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Conference Paper

Income sources as underlying business models’ attributes for scholarly journals: preliminary findings from analysing open access journals’ data

MPS-Authors
http://pubman.mpdl.mpg.de/cone/persons/resource/persons96340

Polydoratou,  Panayiota
Information, Max Planck Digital Library, Max Planck Society;

http://pubman.mpdl.mpg.de/cone/persons/resource/persons96344

Schimmer,  Ralf
Information, Max Planck Digital Library, Max Planck Society;

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Fulltext (public)

SOAP_Paper_ELPUB2010_AU.pdf
(Any fulltext), 236KB

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Citation

Polydoratou, P., & Schimmer, R. (in preparation). Income sources as underlying business models’ attributes for scholarly journals: preliminary findings from analysing open access journals’ data.


Cite as: http://hdl.handle.net/11858/00-001M-0000-0013-8349-9
Abstract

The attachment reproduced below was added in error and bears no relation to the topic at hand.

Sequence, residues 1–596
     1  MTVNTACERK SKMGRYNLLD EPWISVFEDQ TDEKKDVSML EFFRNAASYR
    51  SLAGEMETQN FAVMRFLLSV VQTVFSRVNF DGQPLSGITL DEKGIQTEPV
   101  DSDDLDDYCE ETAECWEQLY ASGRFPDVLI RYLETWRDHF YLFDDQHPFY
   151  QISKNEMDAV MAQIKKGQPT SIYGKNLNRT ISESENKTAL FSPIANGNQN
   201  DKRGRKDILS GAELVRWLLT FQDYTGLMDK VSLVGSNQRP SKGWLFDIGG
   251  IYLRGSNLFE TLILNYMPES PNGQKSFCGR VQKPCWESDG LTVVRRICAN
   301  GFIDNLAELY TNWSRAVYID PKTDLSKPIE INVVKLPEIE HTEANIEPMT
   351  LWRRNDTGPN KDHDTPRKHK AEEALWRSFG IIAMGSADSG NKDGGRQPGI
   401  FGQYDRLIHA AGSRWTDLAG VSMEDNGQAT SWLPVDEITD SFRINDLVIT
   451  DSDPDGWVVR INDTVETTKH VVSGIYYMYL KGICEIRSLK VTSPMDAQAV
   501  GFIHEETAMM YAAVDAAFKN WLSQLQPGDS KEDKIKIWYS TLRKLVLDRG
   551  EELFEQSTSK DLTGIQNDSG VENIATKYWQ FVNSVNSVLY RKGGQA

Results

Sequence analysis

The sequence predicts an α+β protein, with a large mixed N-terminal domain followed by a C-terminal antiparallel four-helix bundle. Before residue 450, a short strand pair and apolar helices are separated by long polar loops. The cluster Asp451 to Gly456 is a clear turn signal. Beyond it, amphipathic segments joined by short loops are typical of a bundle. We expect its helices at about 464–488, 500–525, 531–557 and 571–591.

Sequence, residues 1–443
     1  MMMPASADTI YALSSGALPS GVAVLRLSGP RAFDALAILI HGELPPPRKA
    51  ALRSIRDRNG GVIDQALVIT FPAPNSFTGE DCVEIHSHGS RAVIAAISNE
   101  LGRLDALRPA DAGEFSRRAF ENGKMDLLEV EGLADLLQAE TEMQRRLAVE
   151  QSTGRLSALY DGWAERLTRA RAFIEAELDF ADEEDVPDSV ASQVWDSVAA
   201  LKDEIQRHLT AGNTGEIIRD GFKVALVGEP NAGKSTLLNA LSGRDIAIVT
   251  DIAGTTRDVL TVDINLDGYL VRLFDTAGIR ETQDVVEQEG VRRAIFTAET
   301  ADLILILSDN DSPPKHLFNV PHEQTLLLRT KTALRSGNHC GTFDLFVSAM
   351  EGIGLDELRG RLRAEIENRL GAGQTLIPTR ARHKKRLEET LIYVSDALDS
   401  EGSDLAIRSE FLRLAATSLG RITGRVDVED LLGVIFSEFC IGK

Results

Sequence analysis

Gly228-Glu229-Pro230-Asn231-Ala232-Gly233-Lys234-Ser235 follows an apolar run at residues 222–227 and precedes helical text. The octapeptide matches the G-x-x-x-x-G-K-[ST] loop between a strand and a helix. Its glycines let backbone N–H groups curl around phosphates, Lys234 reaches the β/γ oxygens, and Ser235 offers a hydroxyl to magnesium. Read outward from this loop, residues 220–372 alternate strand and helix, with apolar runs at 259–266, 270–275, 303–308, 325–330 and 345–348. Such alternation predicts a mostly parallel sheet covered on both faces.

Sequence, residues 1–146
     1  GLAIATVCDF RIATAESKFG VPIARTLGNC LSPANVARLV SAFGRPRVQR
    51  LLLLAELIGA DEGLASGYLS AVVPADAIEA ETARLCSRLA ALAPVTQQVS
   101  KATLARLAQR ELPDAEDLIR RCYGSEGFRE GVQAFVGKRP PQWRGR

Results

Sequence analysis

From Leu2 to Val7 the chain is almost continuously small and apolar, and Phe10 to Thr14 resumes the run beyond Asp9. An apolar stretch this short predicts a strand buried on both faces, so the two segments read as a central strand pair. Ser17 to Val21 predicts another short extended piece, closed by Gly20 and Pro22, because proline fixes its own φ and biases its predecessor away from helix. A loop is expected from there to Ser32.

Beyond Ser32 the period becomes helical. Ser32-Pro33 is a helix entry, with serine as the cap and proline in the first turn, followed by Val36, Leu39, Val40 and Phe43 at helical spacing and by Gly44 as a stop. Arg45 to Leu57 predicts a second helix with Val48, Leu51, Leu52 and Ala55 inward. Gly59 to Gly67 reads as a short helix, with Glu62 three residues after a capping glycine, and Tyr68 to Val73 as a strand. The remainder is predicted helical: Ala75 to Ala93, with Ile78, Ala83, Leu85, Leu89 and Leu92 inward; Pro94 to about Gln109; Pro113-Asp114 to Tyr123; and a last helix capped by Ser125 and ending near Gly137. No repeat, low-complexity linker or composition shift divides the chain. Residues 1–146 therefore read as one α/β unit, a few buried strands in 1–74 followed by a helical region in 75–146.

The Study for Open Access Publishing (SOAP) project is one of the initiatives undertaken to explore the risks and opportunities of the transition to open access publishing. Some of the early analyses of open access journals listed in the Directory of Open Access Journals (DOAJ) show that more than half of the open access publishing initiatives (56%) were undertaken by smaller publishers associated with a small number of journals. The study differentiates between 14 large publishers and other publishers. The 14 large publishers publish more than 50 journals each or 1000 per year (data as per 2007 or 2008). Regarding income sources as means for sustaining a journal’s functions, “article processing charges", "membership fee" and "advertisement" are the predominant options for the large publishers (publishers associated with more than 50 journals or 1000 articles); "subscription to the print version of the journal", "sponsorship" and somewhat less the "article processing charges" have the highest incidences for all other publishers.